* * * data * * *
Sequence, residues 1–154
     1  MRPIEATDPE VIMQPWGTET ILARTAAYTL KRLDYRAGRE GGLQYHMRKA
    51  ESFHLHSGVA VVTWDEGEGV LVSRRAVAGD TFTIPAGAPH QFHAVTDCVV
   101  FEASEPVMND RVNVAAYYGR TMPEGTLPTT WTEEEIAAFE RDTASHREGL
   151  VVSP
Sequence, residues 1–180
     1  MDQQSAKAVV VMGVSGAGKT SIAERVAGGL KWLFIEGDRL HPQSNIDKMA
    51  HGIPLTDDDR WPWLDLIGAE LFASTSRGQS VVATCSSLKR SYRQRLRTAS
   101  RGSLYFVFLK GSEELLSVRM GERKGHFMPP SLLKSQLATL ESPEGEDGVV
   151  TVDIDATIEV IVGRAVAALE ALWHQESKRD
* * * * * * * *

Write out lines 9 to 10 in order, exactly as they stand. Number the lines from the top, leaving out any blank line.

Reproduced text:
   101  RGSLYFVFLK GSEELLSVRM GERKGHFMPP SLLKSQLATL ESPEGEDGVV
   151  TVDIDATIEV IVGRAVAALE ALWHQESKRD